How to Efficiently Index Over 10 Million Records in Elasticsearch

Oct 05 2023

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Efficient Elasticsearch Indexing: Managing Over 10 Million Records with Speed

What is considered a large dataset? A million records used to be a high number a few years ago. But, in the new data heavy world, we are seeing datasets that have grown by orders of magnitude. The ability to quickly index and search through tens of millions of records has become a necessity. The systems and means that handle heavy datasets have been evolving as well.

How long does it take to index 10M plus records into Elastic Search application hosted in AWS? If we use the right approach and right tools, it can take only a few minutes. We achieved speeds of 8000 records per second or better to index data residing on AWS ecosystem into the Elastic Search application deployed onto AWS cloud within the same region.

Below is a cutting-edge methodology for indexing massive datasets into Elasticsearch within minutes, a feat once deemed aspirational. The source code and configurations are shared as appropriate.

The Challenge at Hand

Imagine the scenario: Your organization needs to download and index vast amounts of data from multiple large RAR archives into the Elasticsearch application on the AWS Elastic Cloud service. The best way to navigate these challenges would be to first download multiple large RAR archive files from a third-party website into AWS-S3 and index the CSV files into Elastic Search application within Elastic Cloud service deployed on AWS.

Parameters & Constraints

1. Input CSVs containing roughly 20 million records spread across in multiple different files (as part of the case-study, focus will be on loading only the largest file with 18.5 million records)

2. The file sizes are 15GB for data files and 250GB for the associated image files database. The CSV data files have many multi-line text fields with complex html data

3. Using Elastic Cloud deployment on AWS Cloud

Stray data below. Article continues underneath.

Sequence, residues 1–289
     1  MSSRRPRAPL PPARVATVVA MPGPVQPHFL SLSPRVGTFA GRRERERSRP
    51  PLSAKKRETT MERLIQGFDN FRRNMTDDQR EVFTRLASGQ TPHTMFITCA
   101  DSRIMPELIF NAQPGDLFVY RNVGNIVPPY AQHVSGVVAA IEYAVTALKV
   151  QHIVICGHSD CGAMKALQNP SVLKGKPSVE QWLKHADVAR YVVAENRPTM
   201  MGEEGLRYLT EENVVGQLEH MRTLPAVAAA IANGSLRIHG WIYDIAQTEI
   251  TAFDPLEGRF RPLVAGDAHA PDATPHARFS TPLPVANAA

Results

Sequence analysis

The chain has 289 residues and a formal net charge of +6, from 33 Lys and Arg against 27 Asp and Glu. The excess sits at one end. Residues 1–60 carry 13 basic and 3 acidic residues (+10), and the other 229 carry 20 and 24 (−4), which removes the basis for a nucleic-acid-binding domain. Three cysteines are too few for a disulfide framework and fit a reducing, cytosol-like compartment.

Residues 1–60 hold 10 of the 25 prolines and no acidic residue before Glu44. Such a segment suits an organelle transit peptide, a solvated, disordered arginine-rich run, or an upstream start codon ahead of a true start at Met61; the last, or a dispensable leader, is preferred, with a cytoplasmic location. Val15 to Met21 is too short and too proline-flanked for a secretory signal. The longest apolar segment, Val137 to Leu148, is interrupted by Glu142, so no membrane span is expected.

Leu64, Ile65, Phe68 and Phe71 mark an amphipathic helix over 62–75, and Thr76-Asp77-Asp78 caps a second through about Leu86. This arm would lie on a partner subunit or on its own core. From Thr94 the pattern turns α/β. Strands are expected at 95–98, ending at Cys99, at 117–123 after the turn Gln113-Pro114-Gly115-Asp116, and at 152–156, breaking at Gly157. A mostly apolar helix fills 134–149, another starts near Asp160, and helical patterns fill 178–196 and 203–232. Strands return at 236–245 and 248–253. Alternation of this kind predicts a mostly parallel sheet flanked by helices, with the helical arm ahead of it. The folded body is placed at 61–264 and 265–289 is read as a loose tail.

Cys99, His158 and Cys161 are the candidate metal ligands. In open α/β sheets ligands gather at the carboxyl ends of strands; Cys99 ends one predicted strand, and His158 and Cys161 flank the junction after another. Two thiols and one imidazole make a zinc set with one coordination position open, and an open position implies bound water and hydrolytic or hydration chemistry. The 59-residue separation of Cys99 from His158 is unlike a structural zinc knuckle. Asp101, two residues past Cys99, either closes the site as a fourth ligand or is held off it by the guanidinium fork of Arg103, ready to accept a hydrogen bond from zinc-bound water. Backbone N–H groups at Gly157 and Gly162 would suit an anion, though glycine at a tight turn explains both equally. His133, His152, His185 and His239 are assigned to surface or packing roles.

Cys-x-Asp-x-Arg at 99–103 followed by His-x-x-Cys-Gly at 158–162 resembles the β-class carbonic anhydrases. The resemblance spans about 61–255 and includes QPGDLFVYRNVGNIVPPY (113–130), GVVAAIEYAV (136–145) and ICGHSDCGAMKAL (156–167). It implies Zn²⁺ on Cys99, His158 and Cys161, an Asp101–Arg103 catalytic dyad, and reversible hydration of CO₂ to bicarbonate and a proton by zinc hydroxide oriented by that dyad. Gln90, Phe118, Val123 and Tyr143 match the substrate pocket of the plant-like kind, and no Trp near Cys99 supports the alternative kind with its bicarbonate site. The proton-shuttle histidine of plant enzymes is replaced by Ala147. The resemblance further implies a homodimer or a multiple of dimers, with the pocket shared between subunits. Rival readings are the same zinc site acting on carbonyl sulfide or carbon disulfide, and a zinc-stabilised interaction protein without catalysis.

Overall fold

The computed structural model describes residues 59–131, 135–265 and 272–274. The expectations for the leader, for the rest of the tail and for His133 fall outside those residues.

4. All required tools and services leverage the AWS Cloud framework

5. Be as efficient as possible with AWS resources while not losing value (there is never any need for wasting valuable cloud resources)

High Level Approach

Below block diagram shows different components involved in the process.

Data Acquisition and Cleanup

Transferring large files across the internet presents unique challenges, especially when moving them to and from cloud systems.Corporate intranets make this task look quite easy, but there are many interesting challenges in doing this across open internet websites especially to and from cloud systems. Some intricacies of large file movement and data cleanup are discussed in this article. The AWS ecosystem is used in this case-study; however, the challenges would be similarly resolved on GCP environment as well

Data Transformation and Preparation

Leveraging AWS Glue Service, we transform CSV data into JSON Lines format, making it perfectly suited for Elasticsearch. AWS Glue Service was chosen as the tool to transform the CSV data into JSON Lines format such that it is readily usable by the elasticsearch-py python package. While there are many ways to do this, AWS Glue Service provided to be the best option to transform data to usable JSON format. The alternatives will be discussed in the subsequent sections too.

Efficient Data Indexing

Indexing vast datasets into Elasticsearch doesn't have to be a time-consuming process. By utilizing the parallel_bulk loader option within the elasticsearch-py package, we achieve unprecedented indexing speeds. The parallel_bulk loader option within the elasticsearch-py python package was utilized to load the JSON documents into the Elastic Search application. The details of the python library will be discussed in latter sections.

Data Acquisition and Cleanup Process Explained

Moving files in and out of SAN mounted corporate network nodes is easy. However, in the new era of cloud, the files need to be saved and operated from the cloud environment and the source files may need to be acquired from a third-party network that resides outside the cloud environment.


1) Download files to local, clean locally, and re-upload to cloud

2) Spin up a temporary cloud instance in the same region as S3 to process

Approach-1 works great for sample files of small sizes where one might want to quickly test things. However, this stops scaling once the file sizes cross 50MB (maybe, 100MB). To deal with large files, especially in the range of 15GB to 200GB, the second approach is better suited. AWS gives great speeds when moving files in the same region, so it is important to spin up the instance in the same region as S3 to take advantage.